You'll find jazz festivals all over California, year-round, in all kinds of places from hotels to the local park. These are some of the biggest, best, and most popular. They're also the ones that you might want to plan ahead for.
California's Most Travel-Worthy Music Festivals
California is also the home of lots of big music festivals. To get the inside scoop on when they happen, where and how to attend, use the Guide to California's Most Travel-Worthy Music Festivals.
Formerly known as Sacjazz, Sacramento's jazz festival now incorporates a broad range of musical styles, from western swing to zydeco and mariachi, while still emphasizing all kinds of jazz.
The festival features more than 50 bands in more than 20 venues, including lots of nationally-known performers.
For a variety from funk to Latin Jazz to straight-ahead and New Orleans jazz and an intimate setting where you can actually get up close to the artists, attend the SLO Jazzfest, started in 2013 in San Luis Obispo, California. The surrounding college town, wine country, beaches, and attractions like Hearst Castle add to the fun.
Past performers include Poncho Sanchez and Joshua Redman.
It's almost like a jazz festival all year in San Francisco, at the SF Jazz Center. June is the San Francisco Jazz Festival, with a month of performances spanning all kinds of jazz styles.
There may not be a better place to enjoy a jazz concert than the Hollywood Bowl. The Philharmonic's Jazz at the Bowl Series includes blues, big bands, Latin jazz, and other styles.
The two-day Playboy Jazz Festival and Smooth Summer Jazz (formerly JVC Jazz) also bring jazz greats and exciting newcomers to the Hollywood Bowl's summer lineup.
It's a big street party with three stages of continuous jazz performances, more than 300 artists’ booths, and plenty of food and beverages. Even better, it's free. In fact, it's the largest free jazz festival on the west coast, drawing up to 100,000 visitors.
It's held on Fillmore Street, with no admission fees and three performance stages. You can also browse through a few hundred artists' booths and graze through the international food stands. The date is always close to July 4, making it a good thing to do during an Independence Day getaway.
It's no wonder as many as 100,000 people attend every year - which is its only big drawback.
The San Jose Jazz Summer Fest is one of the biggest in California, with performers in a wide range of jazz genres including straight-ahead, contemporary, and Latin jazz, R&B and funk, blues, big band, and salsa. The performers run the gamut from promising newcomers to big-name headliners.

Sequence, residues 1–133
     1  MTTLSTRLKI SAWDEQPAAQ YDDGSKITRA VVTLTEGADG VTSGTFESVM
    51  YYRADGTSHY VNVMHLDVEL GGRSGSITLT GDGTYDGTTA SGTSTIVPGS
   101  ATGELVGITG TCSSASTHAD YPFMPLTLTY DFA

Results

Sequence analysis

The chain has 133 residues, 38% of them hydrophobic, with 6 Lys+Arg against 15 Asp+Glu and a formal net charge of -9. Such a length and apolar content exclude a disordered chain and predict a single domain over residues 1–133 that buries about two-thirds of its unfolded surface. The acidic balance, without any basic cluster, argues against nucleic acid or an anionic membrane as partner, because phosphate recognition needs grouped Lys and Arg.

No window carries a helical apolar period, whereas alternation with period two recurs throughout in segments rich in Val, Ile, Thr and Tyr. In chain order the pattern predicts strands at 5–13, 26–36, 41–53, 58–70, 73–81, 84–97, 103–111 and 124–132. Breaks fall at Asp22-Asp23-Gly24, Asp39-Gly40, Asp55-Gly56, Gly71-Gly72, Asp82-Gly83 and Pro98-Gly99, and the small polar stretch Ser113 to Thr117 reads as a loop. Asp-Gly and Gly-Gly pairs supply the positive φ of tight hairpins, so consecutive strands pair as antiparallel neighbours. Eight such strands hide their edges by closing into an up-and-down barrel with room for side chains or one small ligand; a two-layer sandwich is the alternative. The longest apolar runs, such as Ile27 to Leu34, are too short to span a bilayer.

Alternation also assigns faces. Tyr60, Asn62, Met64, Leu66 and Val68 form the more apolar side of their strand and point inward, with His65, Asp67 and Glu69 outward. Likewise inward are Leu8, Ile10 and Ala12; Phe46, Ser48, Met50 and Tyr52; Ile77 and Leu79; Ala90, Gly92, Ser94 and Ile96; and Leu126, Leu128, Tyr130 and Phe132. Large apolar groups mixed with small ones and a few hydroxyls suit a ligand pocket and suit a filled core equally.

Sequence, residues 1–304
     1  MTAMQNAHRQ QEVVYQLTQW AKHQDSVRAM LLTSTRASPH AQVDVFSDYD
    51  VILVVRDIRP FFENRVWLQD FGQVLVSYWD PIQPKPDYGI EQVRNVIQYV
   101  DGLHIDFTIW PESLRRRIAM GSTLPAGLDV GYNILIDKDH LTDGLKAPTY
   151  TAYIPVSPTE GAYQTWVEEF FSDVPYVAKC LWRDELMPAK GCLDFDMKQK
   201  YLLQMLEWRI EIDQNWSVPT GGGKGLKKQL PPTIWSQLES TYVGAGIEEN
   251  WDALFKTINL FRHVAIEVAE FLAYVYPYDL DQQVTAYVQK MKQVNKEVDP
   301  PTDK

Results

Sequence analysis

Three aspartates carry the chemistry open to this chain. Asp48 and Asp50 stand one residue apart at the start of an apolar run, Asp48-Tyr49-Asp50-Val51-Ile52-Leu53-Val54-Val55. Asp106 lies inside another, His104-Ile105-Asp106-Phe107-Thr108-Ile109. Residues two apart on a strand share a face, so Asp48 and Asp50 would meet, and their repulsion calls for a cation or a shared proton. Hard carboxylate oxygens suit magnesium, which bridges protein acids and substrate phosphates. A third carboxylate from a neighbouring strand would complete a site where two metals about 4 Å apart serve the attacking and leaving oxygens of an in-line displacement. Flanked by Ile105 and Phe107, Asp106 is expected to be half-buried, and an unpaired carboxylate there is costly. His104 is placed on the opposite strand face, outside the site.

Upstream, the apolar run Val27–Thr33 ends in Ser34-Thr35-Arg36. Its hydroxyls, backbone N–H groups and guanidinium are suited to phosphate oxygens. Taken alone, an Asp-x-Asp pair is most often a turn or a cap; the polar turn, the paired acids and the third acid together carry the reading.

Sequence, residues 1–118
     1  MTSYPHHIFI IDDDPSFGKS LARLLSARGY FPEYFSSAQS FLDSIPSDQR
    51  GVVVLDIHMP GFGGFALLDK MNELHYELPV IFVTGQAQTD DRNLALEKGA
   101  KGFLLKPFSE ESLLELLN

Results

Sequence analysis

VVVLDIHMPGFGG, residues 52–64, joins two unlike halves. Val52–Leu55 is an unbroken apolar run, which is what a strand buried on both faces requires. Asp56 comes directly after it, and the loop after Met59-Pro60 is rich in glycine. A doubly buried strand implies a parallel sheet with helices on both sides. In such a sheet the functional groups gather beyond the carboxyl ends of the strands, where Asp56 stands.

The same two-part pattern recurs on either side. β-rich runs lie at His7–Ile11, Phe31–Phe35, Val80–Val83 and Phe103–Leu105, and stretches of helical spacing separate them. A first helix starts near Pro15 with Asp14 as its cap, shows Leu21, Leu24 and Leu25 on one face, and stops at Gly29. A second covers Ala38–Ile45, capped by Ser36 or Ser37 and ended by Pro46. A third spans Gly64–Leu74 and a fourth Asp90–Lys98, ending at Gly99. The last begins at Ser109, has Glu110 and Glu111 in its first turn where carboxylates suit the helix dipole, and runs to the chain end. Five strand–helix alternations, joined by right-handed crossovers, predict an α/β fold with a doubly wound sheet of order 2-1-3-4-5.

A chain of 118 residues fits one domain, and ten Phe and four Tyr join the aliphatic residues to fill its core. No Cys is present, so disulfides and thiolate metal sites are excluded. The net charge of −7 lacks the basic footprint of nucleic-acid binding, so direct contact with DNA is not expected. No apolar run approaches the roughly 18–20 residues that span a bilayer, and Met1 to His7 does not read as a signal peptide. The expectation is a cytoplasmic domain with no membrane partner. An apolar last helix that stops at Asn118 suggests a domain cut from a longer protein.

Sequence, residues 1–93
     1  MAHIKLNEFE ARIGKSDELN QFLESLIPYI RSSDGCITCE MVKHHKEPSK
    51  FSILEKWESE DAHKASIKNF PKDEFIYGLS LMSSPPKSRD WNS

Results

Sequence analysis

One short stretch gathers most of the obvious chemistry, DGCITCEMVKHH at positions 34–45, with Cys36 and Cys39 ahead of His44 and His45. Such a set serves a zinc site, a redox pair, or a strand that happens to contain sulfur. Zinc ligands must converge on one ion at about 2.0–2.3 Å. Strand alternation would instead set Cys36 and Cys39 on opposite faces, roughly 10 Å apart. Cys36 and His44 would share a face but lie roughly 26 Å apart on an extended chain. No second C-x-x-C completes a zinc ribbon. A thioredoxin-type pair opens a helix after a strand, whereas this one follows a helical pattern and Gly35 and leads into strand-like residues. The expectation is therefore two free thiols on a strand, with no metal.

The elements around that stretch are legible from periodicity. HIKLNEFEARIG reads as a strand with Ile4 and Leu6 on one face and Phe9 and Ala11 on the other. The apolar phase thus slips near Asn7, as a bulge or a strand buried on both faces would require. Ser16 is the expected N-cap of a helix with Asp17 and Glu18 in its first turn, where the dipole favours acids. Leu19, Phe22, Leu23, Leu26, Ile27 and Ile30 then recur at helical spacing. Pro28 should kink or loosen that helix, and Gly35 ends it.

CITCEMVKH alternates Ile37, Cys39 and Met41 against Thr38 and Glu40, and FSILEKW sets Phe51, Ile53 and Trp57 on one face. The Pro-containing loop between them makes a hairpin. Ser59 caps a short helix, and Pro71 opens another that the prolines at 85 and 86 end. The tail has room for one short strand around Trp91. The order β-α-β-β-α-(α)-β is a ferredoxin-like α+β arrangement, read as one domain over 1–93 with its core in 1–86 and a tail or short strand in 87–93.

Online reviewers talk about how easy this event is to attend - and how affordable it is. Often, you can get tickets for the whole festival for less than the price of a ticket to see just one of the big-named performers somewhere else.
Smoothjazz.com says this is one of the world's hottest and sexiest jazz festivals. Expect a mix of jazz and blues performers at this festival which has been going on for more than four decades.
It's held at Johnson's Beach on the banks of the Russian River.
Founded in 1958, the Monterey Jazz Festival is the world's longest-running jazz festival, and it hasn't lost its appeal, selling out almost every year.
It's held at the Monterey County Fairgrounds, where jazz artists perform more than 50 concerts on nine stages. They also host interesting conversations and music-related interviews.
This classic festival is one of Smoothjazz.com's picks for the world's hottest and sexiest jazz festivals.
JazzTrax on Catalina Island lasts three weekends and features more than 30 artists. The location couldn't be nicer. It's no wonder people come from all over the world.
Smoothjazz.com says this is one of the world's hottest and sexiest jazz festivals. It happens every Friday evening from June through October. You can listen to the stars of contemporary jazz, pop, vocals, blues, and rock and watch the sunset over the beautiful Newport Beach Back Bay at the same time.
Past performers have included Smokey Robinson, Sheila E., Boney James and Brian Culbertson.
Held over Thanksgiving weekend (fourth weekend in November), this festival offers a variety of experiences from large concert rooms with double dance floors to small, intimate "listening" rooms.
Their roots are in Dixieland, but you'll also hear traditional jazz, ragtime, swing, and rockabilly styles.